School boards have been extremely supportive of the Ministry of Education's Equity and Inclusive Education Strategy to help foster learning and working environments that are free of discriminatory biases and systemic barriers in order to support the achievement and well-being of all students. Given that background, what role do you see school boards and trustees playing in support of the Anti-Racism Strategic Plan?
As a former school board trustee, I know the important role that trustees play in our education system. Trustees can and should provide active leadership in rooting out racism and be champions of our anti-racism strategies and tools. Educators also have a remarkable opportunity to be a part of this process, because they can look at policies and programs through a lens of fairness and equity. Educators are uniquely positioned to address disparate outcomes and support children and youth so that they can reach their full potential. Together, we all play a large role in shaping the experiences for the future success of Ontario's children and youth.
Q: The collection of disaggregated data has been identified as an important and useful tool to help identify and address inequities and systemic barriers that can have a negative impact on some children and youth. How do you see that type of data being used by your Ministry to support child and youth well-being and achievement? This strategy cuts across a number of Ministries. Is there a guideline or framework for data collection?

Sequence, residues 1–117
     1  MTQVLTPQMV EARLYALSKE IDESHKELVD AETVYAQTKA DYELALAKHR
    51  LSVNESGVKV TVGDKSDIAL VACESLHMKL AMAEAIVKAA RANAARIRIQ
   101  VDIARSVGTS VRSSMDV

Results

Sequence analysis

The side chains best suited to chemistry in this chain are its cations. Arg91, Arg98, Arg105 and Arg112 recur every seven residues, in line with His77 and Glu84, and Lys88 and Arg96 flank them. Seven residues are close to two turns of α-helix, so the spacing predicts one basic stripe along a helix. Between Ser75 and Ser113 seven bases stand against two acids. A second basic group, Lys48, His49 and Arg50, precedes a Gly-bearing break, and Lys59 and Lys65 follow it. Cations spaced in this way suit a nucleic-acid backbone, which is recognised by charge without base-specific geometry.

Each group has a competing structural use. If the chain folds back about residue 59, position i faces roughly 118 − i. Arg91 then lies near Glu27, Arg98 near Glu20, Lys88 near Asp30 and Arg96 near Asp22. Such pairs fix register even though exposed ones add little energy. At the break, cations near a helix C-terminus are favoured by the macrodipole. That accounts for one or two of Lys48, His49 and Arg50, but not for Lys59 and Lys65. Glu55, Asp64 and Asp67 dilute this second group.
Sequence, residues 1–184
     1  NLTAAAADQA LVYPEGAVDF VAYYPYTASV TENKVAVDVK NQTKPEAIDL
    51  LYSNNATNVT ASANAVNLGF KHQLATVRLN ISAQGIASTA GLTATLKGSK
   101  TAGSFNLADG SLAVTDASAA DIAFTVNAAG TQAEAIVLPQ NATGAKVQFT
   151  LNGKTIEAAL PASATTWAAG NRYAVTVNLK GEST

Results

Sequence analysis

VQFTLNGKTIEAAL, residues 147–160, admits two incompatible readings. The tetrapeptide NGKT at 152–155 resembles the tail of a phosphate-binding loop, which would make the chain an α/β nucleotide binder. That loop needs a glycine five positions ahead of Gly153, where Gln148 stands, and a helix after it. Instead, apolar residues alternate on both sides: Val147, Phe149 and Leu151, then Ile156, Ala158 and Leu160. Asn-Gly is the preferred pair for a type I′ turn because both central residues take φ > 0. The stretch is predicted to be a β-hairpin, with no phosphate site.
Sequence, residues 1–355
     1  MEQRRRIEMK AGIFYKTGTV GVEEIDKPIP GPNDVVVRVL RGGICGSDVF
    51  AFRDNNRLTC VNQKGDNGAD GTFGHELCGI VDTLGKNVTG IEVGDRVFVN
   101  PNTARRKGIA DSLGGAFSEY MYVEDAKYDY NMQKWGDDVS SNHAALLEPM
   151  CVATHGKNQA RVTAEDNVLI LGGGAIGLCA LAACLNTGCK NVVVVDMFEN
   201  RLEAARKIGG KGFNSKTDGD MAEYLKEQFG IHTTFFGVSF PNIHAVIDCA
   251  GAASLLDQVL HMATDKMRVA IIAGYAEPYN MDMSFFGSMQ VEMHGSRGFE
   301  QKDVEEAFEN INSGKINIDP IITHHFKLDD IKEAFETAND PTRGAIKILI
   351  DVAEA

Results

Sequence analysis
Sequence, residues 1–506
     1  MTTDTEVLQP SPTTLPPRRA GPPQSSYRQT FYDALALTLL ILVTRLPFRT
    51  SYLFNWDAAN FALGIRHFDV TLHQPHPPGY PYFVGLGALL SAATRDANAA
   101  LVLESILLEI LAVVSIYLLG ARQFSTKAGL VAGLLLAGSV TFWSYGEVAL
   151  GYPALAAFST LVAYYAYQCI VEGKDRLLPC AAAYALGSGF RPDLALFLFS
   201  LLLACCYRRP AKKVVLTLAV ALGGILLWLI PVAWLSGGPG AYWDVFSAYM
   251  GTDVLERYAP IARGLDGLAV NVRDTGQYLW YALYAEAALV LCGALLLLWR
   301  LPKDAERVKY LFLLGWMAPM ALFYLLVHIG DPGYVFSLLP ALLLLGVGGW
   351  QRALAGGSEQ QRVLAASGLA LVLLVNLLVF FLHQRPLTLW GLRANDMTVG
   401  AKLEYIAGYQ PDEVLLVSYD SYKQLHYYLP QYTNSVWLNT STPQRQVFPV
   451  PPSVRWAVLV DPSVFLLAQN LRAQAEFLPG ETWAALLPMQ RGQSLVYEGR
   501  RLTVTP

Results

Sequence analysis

There's an old saying. No data, no problem, no solution. Back when I was a trustee with the Toronto District School Board (TDSB), Trustee Bruce Davis and I introduced a motion to collect race-based data. It opened up a whole new approach to policy making. It increased the accountability of the school board and strengthened its transparency. We learned that around 40 per cent of Black students were not graduating at the TDSB because of that work. Here we are, more than a decade later and the TDSB has changed its entire approach on how it works to achieve equity. So I believe, if we are going to collect data, we can make change and hold systems accountable.
We're going to start doing this in government too. Collecting data is vital because you can't address a problem if you don't know exactly where and what it is. We are currently piloting the race-based data standards and guidelines in the child welfare, justice, health and education (K-12). The pilot phase will help us assess the readiness of public sector organizations to begin collecting race-based data, and explore options like mandating race data collection.